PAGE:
By Megan Jones
Naperville Sun • Published: Sep 01, 2023
After opening dates came and went, the much-anticipated The Matrix Club entertainment venue in Naperville is finally in business.
The 75,000-square-foot venue can accommodate banquets, conventions, weddings, parties, live music and weddings, parties, live music and concerts, theater performances and other events and boasts, among other things, a restaurant, bar, art gallery and recording studio.
Located in a former Sam’s Club building at 808 S. Route 59, it will serve as a multicultural building owner Madan Kulkarni says will bring large groups of people together for music and art.
“Music is a global language allowing us to communicate from country to country,” Kulkarni said. “There was always this wish we had to provide a platform and show that can be fused together.”
The club’s 4,500-square-foot restaurant, The Matrix Room, opens Friday, Sept. 8, and will feature international farm-to-table dishes that run the regional gamut from Southeastern Asia to Napa Valley to Italy, said Cherryl Marcey, the venue’s director of event sales and marketing.
It will also feature a music lounge and fusion bar, called Meg’s Lounge, named after Kulkarni’s daughter Meghna, who died unexpectedly last year.
“She was an integral part of our team and was an inspiration to Madan and some of us here, so we wanted her to be a part of this concept,” Marcey said.
The Dhrishti Center for Performing Arts includes an art gallery, 250-seat theater opening Sept. 18, dance and music schools and a yoga studio. A sound lab with a recording studio where people can create their own podcasts and shows is ready for rentals.
Kulkarni said they plan to cater to a global community by bringing Kulkarni said they plan to cater to a global community by bringing concerts that showcase a wide range of music.
“We will bring in people from the tri-state area coming to dine and stay at our hotels,” he said. “This promotes music and also brings in a lot for our local economy.”
They are already looking at hosting artists from Mandan, South Asia, Greece and Poland.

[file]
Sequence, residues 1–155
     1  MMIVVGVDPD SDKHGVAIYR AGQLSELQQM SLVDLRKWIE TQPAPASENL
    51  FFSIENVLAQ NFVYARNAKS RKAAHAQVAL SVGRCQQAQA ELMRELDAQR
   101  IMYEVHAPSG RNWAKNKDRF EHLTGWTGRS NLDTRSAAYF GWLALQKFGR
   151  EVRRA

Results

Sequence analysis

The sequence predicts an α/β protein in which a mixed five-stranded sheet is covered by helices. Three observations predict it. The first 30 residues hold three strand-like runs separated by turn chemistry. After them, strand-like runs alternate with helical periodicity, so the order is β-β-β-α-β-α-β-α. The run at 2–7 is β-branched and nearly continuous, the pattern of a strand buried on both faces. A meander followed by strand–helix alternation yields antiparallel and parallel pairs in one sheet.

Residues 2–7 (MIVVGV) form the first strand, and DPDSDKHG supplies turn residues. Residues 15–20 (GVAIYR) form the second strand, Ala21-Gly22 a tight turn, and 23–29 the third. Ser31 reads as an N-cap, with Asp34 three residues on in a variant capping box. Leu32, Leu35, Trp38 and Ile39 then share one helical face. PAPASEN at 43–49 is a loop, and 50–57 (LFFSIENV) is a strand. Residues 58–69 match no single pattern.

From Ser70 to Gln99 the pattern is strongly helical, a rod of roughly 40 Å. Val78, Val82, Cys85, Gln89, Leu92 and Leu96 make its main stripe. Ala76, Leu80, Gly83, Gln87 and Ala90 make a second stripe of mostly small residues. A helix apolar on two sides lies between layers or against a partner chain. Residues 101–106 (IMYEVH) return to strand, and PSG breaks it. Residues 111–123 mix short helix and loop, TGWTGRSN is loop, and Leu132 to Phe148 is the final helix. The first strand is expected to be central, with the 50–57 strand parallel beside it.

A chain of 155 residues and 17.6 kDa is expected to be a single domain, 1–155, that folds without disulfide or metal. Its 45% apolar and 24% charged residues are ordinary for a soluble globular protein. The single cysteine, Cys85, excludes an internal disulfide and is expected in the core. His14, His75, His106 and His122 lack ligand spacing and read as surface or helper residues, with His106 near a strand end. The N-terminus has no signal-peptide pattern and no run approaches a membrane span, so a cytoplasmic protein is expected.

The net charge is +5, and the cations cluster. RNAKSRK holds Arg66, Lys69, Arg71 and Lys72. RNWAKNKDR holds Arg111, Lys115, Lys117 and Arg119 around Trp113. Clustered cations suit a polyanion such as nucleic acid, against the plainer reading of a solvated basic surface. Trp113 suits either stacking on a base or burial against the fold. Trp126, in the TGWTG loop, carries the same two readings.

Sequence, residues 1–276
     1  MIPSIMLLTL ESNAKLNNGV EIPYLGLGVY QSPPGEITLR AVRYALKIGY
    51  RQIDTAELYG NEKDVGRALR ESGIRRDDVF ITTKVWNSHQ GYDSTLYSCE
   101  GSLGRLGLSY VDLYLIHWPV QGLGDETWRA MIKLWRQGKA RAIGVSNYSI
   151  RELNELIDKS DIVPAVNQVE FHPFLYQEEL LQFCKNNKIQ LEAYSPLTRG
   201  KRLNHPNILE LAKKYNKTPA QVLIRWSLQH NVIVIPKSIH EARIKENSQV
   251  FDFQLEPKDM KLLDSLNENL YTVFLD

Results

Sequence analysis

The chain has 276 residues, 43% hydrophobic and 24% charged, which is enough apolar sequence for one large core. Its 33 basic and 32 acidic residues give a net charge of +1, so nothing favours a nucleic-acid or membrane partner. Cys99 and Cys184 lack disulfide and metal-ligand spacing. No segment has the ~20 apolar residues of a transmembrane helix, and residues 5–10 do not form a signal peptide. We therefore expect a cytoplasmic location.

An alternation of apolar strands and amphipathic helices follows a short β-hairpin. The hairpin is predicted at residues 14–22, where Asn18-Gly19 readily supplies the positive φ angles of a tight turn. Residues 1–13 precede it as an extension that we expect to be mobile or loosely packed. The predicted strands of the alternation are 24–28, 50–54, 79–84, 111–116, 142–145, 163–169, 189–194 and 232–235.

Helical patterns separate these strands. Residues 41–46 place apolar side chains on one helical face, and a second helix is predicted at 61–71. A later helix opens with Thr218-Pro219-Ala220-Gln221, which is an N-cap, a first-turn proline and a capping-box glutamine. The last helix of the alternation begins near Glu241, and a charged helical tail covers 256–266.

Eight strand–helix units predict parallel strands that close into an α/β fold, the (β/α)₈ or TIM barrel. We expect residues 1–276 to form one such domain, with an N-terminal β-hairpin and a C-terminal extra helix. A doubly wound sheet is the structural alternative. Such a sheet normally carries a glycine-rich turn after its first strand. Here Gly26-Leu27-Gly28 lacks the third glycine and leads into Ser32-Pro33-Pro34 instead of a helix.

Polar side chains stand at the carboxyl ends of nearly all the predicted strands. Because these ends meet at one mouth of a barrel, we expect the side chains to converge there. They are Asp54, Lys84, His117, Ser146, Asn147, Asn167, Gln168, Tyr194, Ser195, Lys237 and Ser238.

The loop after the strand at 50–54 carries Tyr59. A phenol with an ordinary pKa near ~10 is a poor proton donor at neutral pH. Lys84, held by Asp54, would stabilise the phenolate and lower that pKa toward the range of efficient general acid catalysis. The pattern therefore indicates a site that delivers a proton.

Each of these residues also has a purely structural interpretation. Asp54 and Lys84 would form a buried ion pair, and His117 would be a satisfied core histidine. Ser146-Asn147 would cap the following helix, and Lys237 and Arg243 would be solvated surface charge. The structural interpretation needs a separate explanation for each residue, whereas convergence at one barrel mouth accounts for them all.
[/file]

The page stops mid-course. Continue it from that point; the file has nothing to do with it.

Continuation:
The club faced many delays after originally planning to open its doors in December 2022. Several local schools, including Neuqua Valley in Naperville and Metea Valley in Aurora, were forced to move their proms this spring because construction was not complete.
Kulkarni said some of the problems stemmed from many unexpected supply chain issues following the COVID-19 pandemic, which resulted in construction delays.
All the schools that wanted to hold their proms at the venue this year have rebooked for 2024 and 2025 proms, Marcey said.
“We’ve held good relationships with the administrators of those schools and they are ecstatic for us to host their events,” she said.
The club has already hosted several large gatherings, including a 350-person Indian pre-wedding party and an Indian Prairie School District 204 event attended by more than 2,000 educators — the first time they had all district educators under one roof in more than 10 years, officials said.
Annual events, including the Naperville Woman’s Club Witches Night Out and the Edward Foundation’s Big Gig: Jazzin’ It Up gala, are booked at The Matrix Club this year.
“Premium charities coming here to do events is the end result of what we hoped would happen,” Kulkarni said. “We created this to bring communities together and push forward the agenda of being supportive of each other.”
Reference Site: Chicago Tribune